North Korean leader Kim Jong-un speaking during the 7th Congress of the Workers' Party of Korea (WPK), the first such congress held in 36 years since 1980, in Pyongyang, North Korea, May 6, 2016.
Photo by Korean Central News Agency/EPA

Trump's praise of North Korean dictator raises new questions

— Updated
In recent weeks, Donald Trump's policy towards North Korea has been largely incoherent. On military and diplomatic fronts, the president has contradicted himself, and his aides have contradicted themselves and the president.

Complicating matters, however, is Trump's specific praise of Kim Jong Un.

The American president last week told Reuters he was impressed with the North Korean leader's ability to lead a dictatorship. Over the weekend, Trump went further, saying, "At a very young age, [Kim Jong Un] was able to assume power. A lot of people, I'm sure, tried to take that power away, whether it was his uncle or anybody else. And he was able to do it. So obviously, he's a pretty smart cookie."

Yesterday, the Republican went even further still.

"If it would be appropriate for me to meet with him, I would absolutely, I would be honored to do it," Trump said Monday in an Oval Office interview with Bloomberg News. "If it's under the, again, under the right circumstances. But I would do that." [...]

"Most political people would never say that," Trump said of his willingness to meet with the reclusive Kim, "but I'm telling you under the right circumstances I would meet with him. We have breaking news."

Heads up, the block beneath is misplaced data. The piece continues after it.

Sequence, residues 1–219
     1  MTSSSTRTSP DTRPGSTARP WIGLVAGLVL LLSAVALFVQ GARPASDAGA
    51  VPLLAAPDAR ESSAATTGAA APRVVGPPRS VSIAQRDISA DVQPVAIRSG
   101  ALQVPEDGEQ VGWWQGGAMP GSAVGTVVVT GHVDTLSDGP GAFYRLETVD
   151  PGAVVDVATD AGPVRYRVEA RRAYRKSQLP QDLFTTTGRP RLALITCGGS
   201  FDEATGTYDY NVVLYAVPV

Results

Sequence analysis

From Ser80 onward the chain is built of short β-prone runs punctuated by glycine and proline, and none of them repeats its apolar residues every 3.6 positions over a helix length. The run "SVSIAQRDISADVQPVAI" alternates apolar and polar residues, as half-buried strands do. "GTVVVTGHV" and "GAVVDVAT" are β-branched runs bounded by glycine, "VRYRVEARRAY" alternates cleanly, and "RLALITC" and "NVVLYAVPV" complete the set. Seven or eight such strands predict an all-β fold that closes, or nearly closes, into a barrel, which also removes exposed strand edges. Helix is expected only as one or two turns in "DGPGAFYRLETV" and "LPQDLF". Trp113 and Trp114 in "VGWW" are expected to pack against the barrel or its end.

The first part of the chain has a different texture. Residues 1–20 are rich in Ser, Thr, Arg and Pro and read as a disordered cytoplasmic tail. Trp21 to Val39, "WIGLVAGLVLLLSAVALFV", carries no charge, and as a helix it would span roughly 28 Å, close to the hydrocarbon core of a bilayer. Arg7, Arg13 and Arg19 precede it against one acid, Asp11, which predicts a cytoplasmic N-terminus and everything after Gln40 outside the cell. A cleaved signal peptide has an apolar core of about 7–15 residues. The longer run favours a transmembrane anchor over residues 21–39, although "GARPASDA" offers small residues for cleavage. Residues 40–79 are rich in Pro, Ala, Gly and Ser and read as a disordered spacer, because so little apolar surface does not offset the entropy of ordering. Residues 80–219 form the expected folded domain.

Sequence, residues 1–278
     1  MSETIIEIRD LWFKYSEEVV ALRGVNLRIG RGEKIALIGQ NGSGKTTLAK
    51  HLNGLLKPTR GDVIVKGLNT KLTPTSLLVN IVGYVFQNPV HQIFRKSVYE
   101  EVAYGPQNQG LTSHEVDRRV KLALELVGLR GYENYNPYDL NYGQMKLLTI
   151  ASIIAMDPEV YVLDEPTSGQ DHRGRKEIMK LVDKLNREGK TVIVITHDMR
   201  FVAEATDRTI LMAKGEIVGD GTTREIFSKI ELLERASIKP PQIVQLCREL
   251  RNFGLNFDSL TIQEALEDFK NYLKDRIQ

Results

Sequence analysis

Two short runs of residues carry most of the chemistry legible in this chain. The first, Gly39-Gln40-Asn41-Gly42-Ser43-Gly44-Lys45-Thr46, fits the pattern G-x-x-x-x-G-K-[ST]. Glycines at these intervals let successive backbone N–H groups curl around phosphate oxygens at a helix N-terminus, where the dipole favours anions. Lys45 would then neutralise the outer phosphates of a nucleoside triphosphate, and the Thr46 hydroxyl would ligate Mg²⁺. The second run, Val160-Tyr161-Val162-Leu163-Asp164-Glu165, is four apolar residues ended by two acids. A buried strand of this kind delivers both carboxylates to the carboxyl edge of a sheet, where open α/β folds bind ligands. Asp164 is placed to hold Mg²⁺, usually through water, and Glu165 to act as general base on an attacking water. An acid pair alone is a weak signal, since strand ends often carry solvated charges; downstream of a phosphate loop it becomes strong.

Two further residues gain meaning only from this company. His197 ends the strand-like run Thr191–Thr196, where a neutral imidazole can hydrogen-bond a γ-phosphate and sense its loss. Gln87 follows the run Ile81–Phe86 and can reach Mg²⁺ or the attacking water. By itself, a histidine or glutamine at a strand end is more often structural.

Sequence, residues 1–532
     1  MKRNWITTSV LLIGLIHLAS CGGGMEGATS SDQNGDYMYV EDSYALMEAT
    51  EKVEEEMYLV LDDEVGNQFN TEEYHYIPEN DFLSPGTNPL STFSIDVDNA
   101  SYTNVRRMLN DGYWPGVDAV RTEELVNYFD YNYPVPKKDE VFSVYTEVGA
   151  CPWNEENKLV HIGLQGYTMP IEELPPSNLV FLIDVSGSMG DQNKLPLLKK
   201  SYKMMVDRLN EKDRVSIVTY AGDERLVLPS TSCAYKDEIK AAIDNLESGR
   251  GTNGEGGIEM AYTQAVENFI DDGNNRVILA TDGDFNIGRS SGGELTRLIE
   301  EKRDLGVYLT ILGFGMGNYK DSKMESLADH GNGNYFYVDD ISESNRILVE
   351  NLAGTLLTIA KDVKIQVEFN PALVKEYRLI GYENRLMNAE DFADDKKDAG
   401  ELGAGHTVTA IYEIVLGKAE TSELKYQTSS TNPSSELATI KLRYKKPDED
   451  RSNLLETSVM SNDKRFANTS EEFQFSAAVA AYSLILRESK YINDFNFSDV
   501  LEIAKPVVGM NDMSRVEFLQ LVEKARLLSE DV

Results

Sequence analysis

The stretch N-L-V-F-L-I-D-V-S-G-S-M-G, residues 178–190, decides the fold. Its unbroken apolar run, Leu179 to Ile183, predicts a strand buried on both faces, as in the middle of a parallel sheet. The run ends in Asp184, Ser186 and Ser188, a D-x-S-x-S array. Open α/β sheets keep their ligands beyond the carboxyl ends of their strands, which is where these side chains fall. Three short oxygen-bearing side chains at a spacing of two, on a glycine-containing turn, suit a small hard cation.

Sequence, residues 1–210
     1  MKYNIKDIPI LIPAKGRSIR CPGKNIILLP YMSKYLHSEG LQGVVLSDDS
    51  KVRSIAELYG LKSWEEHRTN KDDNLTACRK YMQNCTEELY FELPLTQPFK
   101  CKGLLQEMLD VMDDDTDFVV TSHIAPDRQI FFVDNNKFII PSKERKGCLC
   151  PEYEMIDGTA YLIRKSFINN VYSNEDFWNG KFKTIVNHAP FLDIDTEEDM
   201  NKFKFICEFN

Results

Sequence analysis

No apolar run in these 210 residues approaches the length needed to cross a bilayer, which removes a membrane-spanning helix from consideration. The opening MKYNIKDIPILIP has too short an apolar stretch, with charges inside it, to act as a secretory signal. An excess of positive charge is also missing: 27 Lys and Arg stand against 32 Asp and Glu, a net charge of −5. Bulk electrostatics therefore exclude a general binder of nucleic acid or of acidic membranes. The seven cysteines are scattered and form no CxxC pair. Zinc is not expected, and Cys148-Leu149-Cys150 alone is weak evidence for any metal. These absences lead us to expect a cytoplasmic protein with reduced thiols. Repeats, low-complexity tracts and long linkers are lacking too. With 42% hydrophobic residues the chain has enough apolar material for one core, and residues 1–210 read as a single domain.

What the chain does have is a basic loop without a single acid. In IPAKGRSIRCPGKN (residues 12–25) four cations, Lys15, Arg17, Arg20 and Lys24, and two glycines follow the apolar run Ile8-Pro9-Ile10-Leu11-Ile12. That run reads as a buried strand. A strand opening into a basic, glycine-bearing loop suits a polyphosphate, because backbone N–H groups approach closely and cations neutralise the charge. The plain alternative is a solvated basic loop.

A few hours earlier, White House Chief of Staff Reince Priebus said pretty much the opposite, which is emblematic of the fact the president and his team are often on very different pages, even on matters of foreign policy and national security.

In case this isn't obvious, no American president has ever met a North Korean leader, though Pyongyang would no doubt be thrilled to have a bilateral discussion: it would extend a degree of stature and legitimacy to North Korea that it's long lacked. Why Trump would be willing to offer such a gift is unclear, probably because he doesn't understand the implications of what he said.

All of which has created quite a bit of confusion in South Korea, America's longtime ally. The Associated Press reported that South Koreas "are bewildered" by Trump's behavior.

Trump's swing from hints of military action to praise for Kim highlights an odd reality: South Koreans, not easily rattled by their nuclear bomb testing neighbor to the north, find themselves increasingly baffled by the new leader of their strongest ally and military protector, the United States. [...]

It's hard to think of something that would give more truth to Trump's "smart cookie" description than if Kim Jong Un is able, after all these years, to drive a wedge between Seoul and Washington.

Trump had already gone out of his way to alienate South Korea, so these latest steps only make matters worse.

My advice would be to stop looking for coherence in Trump's antics. His praise of Kim Jung Un and the idea that he'd be "honored" to meet him aren't part of a strategy; they're part of an impulse. There's every reason to believe the Trump administration will ignore the president's latest positions, and Trump himself may decide today that he never actually said what we know he already said.

Trump doesn't have a foreign policy towards North Korea; he has random, fleeting thoughts, connected to nothing but his creepy affinity for authoritarian rulers.